Russia: Can The Gas Empire Strike Back ??

SIBERIA(…..) For time being, Gazprom’s stubborn adherence to oil-based pricing endures in Europe because customers remain bound by contracts. But in Asia, which will drive the global gas demand in the coming decades, Gazprom’s insistence on an oil-based pricing structure jeopardizes its ability to Access Chinese market, which will not accept prices as high as those paid by the European consumers of Russian gas. China National Petroleum Corporation sells gas at prices fixed by Chinese government and would incur serious losses if oil prices rose and increased the cost of gas imported from Russia while domestic gas prices remained fixed (…..) The chinese shale deposits tend to lie deeper and are harder to fracture than those in the U.S., obtaining water supplies for fracking and pipeline access to get gas to market remain challenging. Nevertheless, Chinese firms and their foreign partners combine capital, will, expertise in a way that makes breakthroughs likely, even if large-scale production does not commence until 2018-2020 timeframe. Beijing’s robust political commitment to clean up polluted air in Chinese cities will drive the shale gas development and if China and Russia do not reach a gas deal within 12-18 months, the only way Russian gas will get into Chinese market would be through slashing prices and seeking to displace existing supplies, not an attractive prospect when the pipeline to deliver gas to Xinjiang from Siberia would likely cost at least US$14 billion. Despite time pressure, Gazprom is so far not making serious investments in a truly Asia/China-oriented gas supply system. For instance, the company plans to invest US$15.2 billion in 2013 and 2014 to develop gas fields in Northwestern Siberia’s Yamal Peninsula but only US$1.9 billion in all of eastern Siberia during that timeframe. This investment mismatch is critically important because it signals that Russia intends to sell gas from the same Western Siberian fields to both Europe and China, a scenario China will vociferously oppose because it would allow Moscow to play Chinese and European gas consumers against one another in quest to force China to pay higher prices for Russian gas. Instead, China likely wants to see Russian pipeline gas supplies come from geographically “stranded” fields deep in the taiga of Eastern Siberia, in particular supergiant Kovykta and Chayanda Fields near Irkutsk and in Yakutia, where China would be priority market. But for this to happen, Gazprom must abandon oil-linked pricing and accept China as the largest and most accessible market for East Siberian gas. The ball is in Gazprom’s (and by extension, Kremlin’s) court. A major signal will come later this year when the Russian government decides whether to break Gazprom’s gas export monopoly by granting Novatek, a major Russian gas producer, a license to export LNG from a large terminal it is building on Yamal Peninsula. The Gas Empire has the means to strike back, it can revise pricing methods, leverage massive conventional fields whose productivity is something U.S. gas producers can only dream of, and structure creative deals such as allowing China to make a large upfront payment for future gas supplies that funds new fields in Eastern Siberia, or allowing CNPC to purchase equity stakes in the Russian fields to offset losses caused by domestic price controls. Question is how many more market share points and rubles Gazprom must lose before it finally adapts to a changing global gas market.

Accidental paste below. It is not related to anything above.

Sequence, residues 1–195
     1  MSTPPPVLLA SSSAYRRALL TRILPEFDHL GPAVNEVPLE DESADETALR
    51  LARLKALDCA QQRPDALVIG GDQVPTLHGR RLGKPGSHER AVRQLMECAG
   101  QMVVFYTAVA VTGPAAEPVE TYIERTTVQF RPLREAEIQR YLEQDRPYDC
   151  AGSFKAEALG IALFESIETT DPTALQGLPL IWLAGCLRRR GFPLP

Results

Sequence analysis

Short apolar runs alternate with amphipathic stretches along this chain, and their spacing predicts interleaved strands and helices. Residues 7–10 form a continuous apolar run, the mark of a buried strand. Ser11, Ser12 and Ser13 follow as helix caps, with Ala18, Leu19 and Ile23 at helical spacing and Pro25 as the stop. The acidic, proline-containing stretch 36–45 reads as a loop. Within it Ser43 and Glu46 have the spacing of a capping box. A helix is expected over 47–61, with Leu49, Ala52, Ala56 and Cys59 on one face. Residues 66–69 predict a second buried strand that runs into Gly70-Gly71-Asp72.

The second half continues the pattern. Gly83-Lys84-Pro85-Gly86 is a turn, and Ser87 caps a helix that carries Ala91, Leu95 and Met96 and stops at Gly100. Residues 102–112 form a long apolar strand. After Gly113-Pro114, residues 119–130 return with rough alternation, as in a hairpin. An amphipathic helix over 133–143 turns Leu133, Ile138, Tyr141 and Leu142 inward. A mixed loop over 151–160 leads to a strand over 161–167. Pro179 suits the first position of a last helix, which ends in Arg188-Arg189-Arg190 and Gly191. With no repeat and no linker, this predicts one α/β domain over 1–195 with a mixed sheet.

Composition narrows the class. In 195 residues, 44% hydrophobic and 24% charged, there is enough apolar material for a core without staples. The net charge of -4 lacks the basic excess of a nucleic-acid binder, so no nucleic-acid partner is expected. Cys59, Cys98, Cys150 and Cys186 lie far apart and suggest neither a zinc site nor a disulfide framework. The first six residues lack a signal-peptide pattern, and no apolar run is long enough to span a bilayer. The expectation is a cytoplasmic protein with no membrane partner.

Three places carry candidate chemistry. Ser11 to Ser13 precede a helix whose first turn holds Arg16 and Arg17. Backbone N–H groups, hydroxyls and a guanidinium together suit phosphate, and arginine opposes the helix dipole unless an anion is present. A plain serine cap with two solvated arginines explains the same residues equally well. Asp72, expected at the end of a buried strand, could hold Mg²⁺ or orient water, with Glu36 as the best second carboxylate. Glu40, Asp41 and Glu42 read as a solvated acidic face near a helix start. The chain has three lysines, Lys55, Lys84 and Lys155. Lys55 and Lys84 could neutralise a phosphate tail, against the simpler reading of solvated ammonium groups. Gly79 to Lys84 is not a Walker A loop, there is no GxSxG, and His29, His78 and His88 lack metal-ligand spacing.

Acerca de ignaciocovelo
Consultor Internacional


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